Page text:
Vector Calculus

A scalar is a numeric quantity. A vector is a quantity that has a magnitude (the length) and the direction associated with it. A vector is represented by an arrow over a variable. For ease we will simply follow writing vector as a normal variable in here. In general we have a multi-dimensional plane ($x_1$, $x_2$, …, $x_n$). When we have two dimensional plane we write (x, y) and for three dimensional plane we refer (x, y, z). In general we discuss vectors on two or three dimensional planes.

Both scalar (like distance, speed) and vector (like displacement, velocity) fields are part of vector calculus. A scalar when zero does not have any significance while a zero vector will have significance. A zero vector may have magnitude zero but it will have some direction that will define something about that vector quantity.

For Example: if we a person has moved 3 steps N then 2 steps E and then 3 steps S, then the person has walked 8 steps and that is his distance covered. But since the person is only 2 steps to E of the starting point that means he has just moved 2 places from his basic position in the end so this makes displacement equals to two. But the direction of the vector will tell us in which way he has moved.

The magnitude of any vector is calculated by finding the square root of the sum of squares of all components of a vector:

Let us say we have u = (x, y).

Then the magnitude of u which is denoted by ||u|| or |u| =sqrt ($x^2$ + $y^2$)

Also the direction of the vector is given by $tan^{-1}$ ($\frac{y}{x}$). in case of three dimensional space the direction is associated with a unit vector in the direction of the third coordinate with n cap.

Vector Operations

Consider u and v are two vectors, then the following operations holds true.

1) Scalar multiplication:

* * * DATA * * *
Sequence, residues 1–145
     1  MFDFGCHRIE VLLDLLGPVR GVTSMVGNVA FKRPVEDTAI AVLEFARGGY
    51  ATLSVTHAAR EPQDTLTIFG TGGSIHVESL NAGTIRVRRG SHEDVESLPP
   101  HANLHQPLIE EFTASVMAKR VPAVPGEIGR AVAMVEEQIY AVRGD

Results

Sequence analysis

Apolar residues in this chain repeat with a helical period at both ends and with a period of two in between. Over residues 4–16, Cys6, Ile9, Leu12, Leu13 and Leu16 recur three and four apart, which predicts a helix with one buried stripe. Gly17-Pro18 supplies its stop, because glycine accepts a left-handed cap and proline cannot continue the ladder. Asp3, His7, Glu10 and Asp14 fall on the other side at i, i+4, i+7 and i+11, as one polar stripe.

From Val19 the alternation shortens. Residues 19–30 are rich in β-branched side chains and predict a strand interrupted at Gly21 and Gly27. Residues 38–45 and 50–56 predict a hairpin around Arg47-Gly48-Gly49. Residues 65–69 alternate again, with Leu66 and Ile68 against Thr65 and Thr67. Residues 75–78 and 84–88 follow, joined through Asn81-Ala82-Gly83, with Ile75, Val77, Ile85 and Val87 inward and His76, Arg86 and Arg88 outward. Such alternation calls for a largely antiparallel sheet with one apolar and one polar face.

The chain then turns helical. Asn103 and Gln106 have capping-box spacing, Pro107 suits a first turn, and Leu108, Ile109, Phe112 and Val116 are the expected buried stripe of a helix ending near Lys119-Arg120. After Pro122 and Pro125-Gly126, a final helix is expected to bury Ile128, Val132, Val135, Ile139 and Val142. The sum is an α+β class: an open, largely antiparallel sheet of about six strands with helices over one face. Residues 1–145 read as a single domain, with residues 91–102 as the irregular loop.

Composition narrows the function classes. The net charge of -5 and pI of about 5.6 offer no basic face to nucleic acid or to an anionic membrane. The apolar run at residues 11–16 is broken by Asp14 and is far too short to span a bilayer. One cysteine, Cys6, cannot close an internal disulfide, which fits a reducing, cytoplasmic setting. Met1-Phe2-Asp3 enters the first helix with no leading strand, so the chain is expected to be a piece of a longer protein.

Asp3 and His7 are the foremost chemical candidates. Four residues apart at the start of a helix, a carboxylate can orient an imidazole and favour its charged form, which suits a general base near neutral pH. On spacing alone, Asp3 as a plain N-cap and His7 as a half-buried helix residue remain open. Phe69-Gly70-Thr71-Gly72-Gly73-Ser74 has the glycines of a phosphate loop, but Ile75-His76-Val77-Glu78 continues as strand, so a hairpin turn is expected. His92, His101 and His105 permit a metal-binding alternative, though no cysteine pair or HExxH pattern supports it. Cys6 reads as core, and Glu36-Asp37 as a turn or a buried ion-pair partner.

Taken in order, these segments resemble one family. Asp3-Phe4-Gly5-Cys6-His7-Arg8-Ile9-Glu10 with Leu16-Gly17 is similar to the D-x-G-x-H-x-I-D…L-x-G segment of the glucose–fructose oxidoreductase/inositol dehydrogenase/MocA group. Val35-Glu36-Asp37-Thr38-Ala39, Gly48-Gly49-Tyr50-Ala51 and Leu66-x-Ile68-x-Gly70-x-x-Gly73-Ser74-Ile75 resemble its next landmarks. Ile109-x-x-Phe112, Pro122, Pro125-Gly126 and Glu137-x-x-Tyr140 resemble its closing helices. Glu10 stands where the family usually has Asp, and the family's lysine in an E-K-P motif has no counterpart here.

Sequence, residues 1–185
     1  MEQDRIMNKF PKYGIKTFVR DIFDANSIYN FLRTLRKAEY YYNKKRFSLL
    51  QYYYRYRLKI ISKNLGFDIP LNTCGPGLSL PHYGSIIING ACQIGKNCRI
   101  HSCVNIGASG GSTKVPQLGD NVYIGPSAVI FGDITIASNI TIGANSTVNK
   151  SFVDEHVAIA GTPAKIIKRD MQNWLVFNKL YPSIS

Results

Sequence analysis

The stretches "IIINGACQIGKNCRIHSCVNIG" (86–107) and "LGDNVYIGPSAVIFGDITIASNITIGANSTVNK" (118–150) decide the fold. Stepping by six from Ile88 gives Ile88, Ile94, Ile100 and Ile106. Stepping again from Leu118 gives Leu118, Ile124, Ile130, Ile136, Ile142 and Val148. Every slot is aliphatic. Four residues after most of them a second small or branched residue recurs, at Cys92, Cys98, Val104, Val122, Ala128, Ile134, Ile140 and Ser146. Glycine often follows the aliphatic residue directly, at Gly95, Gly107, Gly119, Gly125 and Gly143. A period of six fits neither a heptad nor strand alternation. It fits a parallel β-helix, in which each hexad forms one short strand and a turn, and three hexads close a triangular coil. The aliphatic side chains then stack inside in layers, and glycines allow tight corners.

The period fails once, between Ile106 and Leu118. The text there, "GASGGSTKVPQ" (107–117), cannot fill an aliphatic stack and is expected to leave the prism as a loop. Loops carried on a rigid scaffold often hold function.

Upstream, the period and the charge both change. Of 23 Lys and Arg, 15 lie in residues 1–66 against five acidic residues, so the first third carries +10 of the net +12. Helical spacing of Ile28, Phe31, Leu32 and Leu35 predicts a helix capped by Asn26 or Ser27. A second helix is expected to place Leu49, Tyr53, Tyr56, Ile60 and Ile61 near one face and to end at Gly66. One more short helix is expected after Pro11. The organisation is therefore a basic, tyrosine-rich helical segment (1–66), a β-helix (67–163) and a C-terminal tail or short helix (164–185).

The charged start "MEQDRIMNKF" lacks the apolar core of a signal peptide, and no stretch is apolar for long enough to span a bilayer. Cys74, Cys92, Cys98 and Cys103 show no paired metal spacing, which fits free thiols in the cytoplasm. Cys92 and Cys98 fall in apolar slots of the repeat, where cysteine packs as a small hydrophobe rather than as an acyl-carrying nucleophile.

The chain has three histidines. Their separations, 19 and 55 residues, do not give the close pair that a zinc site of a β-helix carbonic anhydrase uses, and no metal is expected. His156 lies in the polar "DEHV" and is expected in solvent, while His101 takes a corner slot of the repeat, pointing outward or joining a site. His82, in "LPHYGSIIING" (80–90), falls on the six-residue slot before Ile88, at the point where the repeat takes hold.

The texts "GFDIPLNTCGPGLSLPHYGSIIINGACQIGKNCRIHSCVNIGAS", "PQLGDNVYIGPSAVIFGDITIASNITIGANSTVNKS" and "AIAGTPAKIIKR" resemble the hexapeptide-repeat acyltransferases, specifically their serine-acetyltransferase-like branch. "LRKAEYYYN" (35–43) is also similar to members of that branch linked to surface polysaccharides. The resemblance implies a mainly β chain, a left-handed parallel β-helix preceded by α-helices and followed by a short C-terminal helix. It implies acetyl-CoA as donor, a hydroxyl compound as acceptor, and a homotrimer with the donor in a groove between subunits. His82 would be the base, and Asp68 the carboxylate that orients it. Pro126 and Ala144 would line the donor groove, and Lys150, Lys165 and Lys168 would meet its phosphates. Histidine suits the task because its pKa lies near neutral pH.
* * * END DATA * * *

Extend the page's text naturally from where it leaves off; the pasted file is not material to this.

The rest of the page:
If m is a scalar, then m . u = mu which is a vector a again.

v + u or v – u which results in a vector again.

3) Dot product:

v . u which results in a scalar number.

4) Cross product:

v x u which yields a complete vector quantity again.
All these operations have their methods and procedures to be followed for evaluation. In addition to them we also have divergence, curl and gradient. All these are full topics in themselves which require separate space to be discussed.

For Example: Let us say we have two vectors u = (3, 5, -4) and v = (4, -2, 0)

Then u + v = (3 + 4, 5 - 2, -4 + 0) = (7, 3, -4)

And u – v = (3 - 4, 5 + 2, -4 - 0) = (-1, 7, -4)

Similarly we can follow various steps associated with every operations on vectors to obtain the result.

Example

Examples on vector calculus are given below:

Example 1: Find the dot product of the given vectors given by (-6, 8) and (5, 12).

Solution:

Let vector x = (-6, 8) and vector y = (5, 12)

This implies x$_1$ = -6, x$_2$ = 5 and y$_1$ = 8, y$_2$ = 12.

The dot product of two vectors is given by the sum of the product of the respective coordinates.

So let c represent the resultant product.

Then c = a . b = -6 * 5 + 8 * 12 = -30 + 96 = 66

Example 2: Find the cross product of the following vectors: $\vec{A}$ = 2i - 3j + k and $\vec{B}$ = 4i + 5j - k.

Solution: $\vec{A}$ = 2i - 3j + k and $\vec{B}$ = 4i + 5j - k

$\vec{A}$ $\times$ $\vec{B}$ = $\begin{bmatrix} i& j & k\\ 2& -3 &1 \\ 4& 5 &-1 \end{bmatrix}$

= i(3 - 5) - j(-2 - 4) + k(10 + 12)

= -2i + 6j + 22k

Example 3: Find the dot product of $\vec{A}$ and $\vec{B}$ where, $\vec{A}$ = 3i - 6j + 4k and $\vec{B}$ = 10i − 13k

Solution:

Given $\vec{A}$ = 3i - 6j + 4k and $\vec{B}$ = 10i − 13k

Dot product of both the vectors is

$\vec{A}$ . $\vec{B}$ = (3i - 6j + 4k).(10i − 13k)

= (3 $\times$ 10) + (-6 $\times$ 0) + (4 $\times$ -13)

= 30 + 0 - 52

= -22